Tips from Bright Horizons: Preparing Children for the Transition to School
Editor’s Note: I have many friends who have first-borns entering Kindergarten in the Fall. I thought this article was a good one to keep in your back pocket as you and your child prepare for this big milestone, particularly the suggested reading list. Do you have any books you would recommend for parents to read to their child as they prepare him/her for Kindergarten?
Preparing Children for the Transition to School
We have a responsibility to ensure that children leaving our programs have all the pre-academic skills they need for success in school, but we can also support children with their emotional readiness for formal schooling. Whether they are entering kindergarten or first grade, helping children know what to expect goes a long way.
Children’s Books about Going to School: One way to help prepare children for the school experience is to read children’s fictional books about school. A few suggestions follow and you probably have lots of favorites yourself that you could add to this list.
• Rey, M. & H.A. Curious George Goes to School. An old favorite, this tale of a monkey going to school helps children view curiosity in a positive way.
• Kraus, R. Leo the Late Bloomer. This story about a family of lions shows an appreciation for the idea that everyone develops at their own pace.
• Penn, A. The Kissing Hand. A mother raccoon offers her child a special gift to help her son through the first days of school.
Encourage and respond to children’s questions: Learn as much as you can about the schools the children in your homebase will be transitioning to, then encourage questions. You can start with an open-ended question such as “What do you want to know about going to school next year?” Be prepared that you may have to prompt children, or they may have lots of spontaneous questions. Be prepared to answer questions like:
“What do I do if I have to go to the bathroom?”
“What if I get lost at my new school and can’t find my room?”
“Do you get to play outside?”
Language Game: What can I expect?: Just as adults learn from sample scenarios, children do too. Play a language game where you begin a story about going to school and let the children add on to it. This activity not only helps children anticipate getting ready for school, but also improves listening and oral language skills. For example, you might say, “Lewis was excited and a little scared about riding the yellow school bus for the first time. He knew that he had to be at his bus stop by a certain time and that if he wasn’t there the bus wouldn’t wait. His Dad thought it might be good to practice getting to the bus stop in the morning. Here is what they did. . .” (Have children take turns filling in the next parts of the story.)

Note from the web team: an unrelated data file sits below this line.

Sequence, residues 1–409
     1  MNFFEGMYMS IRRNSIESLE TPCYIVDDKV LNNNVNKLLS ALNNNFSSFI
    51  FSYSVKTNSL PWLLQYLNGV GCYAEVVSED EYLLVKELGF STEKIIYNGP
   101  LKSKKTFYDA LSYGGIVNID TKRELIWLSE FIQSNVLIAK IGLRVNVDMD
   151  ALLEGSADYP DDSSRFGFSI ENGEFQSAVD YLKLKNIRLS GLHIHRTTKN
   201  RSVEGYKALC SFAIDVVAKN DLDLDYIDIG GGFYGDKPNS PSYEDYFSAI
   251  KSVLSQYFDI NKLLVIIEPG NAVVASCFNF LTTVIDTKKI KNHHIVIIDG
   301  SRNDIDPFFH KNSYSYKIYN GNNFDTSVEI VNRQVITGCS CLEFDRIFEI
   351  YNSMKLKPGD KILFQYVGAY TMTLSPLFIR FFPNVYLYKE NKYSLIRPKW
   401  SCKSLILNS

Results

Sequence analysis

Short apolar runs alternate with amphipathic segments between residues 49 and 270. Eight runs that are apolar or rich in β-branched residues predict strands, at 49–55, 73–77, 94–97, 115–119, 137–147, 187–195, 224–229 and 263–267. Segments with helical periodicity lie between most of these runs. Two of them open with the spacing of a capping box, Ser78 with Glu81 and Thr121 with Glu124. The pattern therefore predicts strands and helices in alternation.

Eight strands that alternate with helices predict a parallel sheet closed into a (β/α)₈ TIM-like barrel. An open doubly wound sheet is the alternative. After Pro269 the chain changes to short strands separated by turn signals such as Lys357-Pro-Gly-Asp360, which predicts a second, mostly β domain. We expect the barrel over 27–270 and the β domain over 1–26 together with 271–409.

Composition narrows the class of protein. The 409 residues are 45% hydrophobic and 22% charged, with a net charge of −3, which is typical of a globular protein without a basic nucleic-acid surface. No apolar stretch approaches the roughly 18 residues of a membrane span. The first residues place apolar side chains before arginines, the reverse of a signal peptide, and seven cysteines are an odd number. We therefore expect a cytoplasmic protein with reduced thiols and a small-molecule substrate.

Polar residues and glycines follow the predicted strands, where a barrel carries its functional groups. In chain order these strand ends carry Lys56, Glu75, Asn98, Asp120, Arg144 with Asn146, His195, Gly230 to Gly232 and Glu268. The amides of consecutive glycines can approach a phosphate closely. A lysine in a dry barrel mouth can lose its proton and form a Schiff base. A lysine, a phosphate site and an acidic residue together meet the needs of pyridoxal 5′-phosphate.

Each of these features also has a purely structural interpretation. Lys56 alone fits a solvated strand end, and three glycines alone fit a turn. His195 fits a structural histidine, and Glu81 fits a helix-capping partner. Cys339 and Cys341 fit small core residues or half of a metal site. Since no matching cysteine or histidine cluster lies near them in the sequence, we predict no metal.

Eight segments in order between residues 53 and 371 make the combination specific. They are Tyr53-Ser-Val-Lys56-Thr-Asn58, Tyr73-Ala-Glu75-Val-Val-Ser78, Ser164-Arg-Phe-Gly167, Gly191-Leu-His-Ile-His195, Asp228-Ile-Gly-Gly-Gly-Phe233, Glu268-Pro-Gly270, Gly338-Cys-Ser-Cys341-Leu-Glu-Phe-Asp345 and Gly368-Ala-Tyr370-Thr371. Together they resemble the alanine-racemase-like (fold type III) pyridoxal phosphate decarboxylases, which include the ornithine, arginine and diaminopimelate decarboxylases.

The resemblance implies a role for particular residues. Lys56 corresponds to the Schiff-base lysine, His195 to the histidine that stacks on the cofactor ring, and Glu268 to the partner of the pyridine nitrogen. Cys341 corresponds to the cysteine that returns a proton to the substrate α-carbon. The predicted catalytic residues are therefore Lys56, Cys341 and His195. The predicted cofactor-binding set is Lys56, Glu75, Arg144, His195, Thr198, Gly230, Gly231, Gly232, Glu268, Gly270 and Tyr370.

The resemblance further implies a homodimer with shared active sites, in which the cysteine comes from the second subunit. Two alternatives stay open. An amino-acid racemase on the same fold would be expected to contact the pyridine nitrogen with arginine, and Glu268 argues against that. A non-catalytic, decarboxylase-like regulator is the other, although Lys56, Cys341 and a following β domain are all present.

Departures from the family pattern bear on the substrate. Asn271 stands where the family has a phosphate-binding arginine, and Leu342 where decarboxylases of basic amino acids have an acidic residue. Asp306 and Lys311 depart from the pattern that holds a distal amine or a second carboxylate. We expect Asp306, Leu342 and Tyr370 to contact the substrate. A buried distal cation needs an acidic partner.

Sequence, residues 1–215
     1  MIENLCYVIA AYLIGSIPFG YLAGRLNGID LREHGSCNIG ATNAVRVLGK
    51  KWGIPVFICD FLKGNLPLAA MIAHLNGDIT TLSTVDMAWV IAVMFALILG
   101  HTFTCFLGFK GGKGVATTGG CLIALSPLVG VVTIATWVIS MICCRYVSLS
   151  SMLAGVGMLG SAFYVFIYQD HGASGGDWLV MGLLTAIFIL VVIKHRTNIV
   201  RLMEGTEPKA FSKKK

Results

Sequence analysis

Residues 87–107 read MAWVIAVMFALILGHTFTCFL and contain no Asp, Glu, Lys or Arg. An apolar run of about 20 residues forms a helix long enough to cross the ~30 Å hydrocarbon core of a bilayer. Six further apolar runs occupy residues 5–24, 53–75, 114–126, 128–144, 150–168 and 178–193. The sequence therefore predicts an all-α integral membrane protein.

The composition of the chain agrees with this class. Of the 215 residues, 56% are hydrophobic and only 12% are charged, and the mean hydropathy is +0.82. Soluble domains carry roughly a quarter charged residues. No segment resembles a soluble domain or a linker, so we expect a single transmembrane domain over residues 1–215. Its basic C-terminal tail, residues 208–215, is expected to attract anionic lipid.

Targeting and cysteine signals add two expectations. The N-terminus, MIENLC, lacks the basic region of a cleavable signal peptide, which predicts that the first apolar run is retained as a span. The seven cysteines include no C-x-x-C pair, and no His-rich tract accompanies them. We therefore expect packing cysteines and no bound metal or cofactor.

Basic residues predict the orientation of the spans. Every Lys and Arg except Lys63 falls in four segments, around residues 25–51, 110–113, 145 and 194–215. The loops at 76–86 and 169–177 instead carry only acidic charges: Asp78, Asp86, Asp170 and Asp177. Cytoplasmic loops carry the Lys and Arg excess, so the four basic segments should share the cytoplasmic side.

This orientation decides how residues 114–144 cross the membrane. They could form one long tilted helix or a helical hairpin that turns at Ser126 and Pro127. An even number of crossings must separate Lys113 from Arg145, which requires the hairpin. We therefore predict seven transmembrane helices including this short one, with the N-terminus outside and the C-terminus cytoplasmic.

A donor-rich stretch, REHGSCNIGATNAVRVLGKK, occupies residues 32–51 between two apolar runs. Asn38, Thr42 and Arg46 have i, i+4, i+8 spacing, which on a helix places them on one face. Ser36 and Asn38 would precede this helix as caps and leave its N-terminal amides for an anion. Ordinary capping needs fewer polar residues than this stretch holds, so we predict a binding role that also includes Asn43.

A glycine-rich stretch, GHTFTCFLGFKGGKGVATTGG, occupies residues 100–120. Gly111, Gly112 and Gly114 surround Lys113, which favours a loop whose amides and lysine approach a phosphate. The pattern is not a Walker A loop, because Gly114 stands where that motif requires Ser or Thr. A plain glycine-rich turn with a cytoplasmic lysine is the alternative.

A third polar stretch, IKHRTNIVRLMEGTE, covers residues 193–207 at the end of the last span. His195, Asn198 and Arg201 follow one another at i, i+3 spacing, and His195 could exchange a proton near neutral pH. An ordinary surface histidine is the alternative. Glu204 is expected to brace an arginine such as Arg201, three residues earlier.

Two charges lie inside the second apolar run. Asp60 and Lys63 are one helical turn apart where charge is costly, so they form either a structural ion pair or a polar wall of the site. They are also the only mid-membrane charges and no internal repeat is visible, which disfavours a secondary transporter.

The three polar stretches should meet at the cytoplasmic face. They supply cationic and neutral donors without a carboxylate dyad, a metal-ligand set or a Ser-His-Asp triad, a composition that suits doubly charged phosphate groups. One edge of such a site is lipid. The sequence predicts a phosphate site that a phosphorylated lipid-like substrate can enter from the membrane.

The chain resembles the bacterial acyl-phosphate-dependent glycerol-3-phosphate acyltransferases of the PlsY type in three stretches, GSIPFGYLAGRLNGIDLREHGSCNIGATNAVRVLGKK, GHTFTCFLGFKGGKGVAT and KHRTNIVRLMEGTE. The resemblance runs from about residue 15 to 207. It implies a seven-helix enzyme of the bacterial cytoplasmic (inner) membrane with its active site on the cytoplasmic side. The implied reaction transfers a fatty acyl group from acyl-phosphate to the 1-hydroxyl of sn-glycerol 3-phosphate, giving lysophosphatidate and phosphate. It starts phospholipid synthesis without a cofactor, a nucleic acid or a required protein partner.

Dramatic Play: The children in your homebase may enjoy acting out school scenarios in the dramatic play area. Think about and provide props that would support this play including chalkboards and chalk, lined paper and pencils, easy reader books, table and chairs, etc. Be sure to spend some time in this area interacting with children and prompting the discussion.
Add your own favorite ideas for helping children prepare emotionally for the transition to school. This is an important transition and your support can help to make it a smooth one.
Reference: Wesley, P.W. (2001). Smooth Moves to Kindergarten. Chapel Hill, NC: Chapel Hill
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